I discussed the “standardized test issue” with a client faced with producing graduates of a technical-training program who could pass a standardized test that, by administrative fiat (and therefore by legislative and legal fiat), would entitle them to act as Emergency Medical Services personnel. While that situation is not identical to the one you raise, there are several lynch-pin issues applicable to both. I won’t go into all the legal issues, but here are a few of the large ones:

    1. The tests used are privately owned “intellectual properties”.
    2. The value of intellectual property greatly depends upon either 1) controlling access to the property or 2) assuring the “secret ingredients/recipe” cannot be used by those who have not paid for that property.
    3. The secrecy-or-pay situation shields from disclosure what lies beneath the test – those who developed the test questions carried out “scientific”, or at least a statistical studies of the questions in order to “prove”, through the use of “best practices” that the questions are “valid”.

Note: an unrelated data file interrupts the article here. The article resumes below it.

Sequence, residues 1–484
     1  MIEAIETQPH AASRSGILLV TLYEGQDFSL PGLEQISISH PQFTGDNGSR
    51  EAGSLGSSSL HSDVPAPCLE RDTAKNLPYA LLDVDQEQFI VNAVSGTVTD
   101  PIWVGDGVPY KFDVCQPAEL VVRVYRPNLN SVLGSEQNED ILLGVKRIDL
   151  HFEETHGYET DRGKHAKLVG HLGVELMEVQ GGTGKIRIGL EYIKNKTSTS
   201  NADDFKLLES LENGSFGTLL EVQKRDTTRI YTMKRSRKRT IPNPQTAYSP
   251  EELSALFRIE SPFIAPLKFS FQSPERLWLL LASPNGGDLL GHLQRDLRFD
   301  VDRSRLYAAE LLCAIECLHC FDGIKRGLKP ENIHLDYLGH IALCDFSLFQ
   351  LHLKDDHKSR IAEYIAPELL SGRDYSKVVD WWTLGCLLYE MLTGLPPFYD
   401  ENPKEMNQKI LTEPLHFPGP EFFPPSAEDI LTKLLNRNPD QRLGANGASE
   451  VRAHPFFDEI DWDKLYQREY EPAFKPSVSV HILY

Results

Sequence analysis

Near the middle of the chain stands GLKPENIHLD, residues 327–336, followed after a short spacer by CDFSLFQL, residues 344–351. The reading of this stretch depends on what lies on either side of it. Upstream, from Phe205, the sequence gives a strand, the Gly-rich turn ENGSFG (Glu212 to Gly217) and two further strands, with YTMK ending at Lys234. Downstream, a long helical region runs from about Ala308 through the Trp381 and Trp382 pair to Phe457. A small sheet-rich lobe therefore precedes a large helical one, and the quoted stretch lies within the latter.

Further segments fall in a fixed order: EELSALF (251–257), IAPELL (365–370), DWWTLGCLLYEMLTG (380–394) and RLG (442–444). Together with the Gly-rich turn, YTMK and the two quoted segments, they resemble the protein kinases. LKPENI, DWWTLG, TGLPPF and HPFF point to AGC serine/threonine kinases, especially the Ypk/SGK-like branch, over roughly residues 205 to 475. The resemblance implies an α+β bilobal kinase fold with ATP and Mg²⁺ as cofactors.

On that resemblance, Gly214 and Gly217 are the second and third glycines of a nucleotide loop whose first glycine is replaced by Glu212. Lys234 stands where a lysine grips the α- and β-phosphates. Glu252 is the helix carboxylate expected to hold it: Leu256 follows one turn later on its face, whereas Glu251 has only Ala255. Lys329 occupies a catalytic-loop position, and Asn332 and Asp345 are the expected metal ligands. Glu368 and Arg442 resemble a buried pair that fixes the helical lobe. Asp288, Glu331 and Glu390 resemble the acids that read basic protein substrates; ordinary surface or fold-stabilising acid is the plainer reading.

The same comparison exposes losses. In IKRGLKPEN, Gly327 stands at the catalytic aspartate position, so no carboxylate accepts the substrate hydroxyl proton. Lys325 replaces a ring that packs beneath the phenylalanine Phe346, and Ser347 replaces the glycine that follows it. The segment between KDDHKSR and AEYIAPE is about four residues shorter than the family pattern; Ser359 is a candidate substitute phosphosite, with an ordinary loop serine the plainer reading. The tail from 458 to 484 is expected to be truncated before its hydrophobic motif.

Please take note I have not even come close to issues regarding Constitutional Law or Civil Rights, matters of economic status, verbal abilities, social position, or power. I did not approach those issues because the foregoing matters forestall reaching the meat of the matter – I ask you this question, not that I expect or even want you, Jabreel, to answer it:

    Have you noticed that “Civil Rights” are in full retreat?

    Best,
    Brent

    Posted by Brent Snavely | January 17, 2013, 8:38 am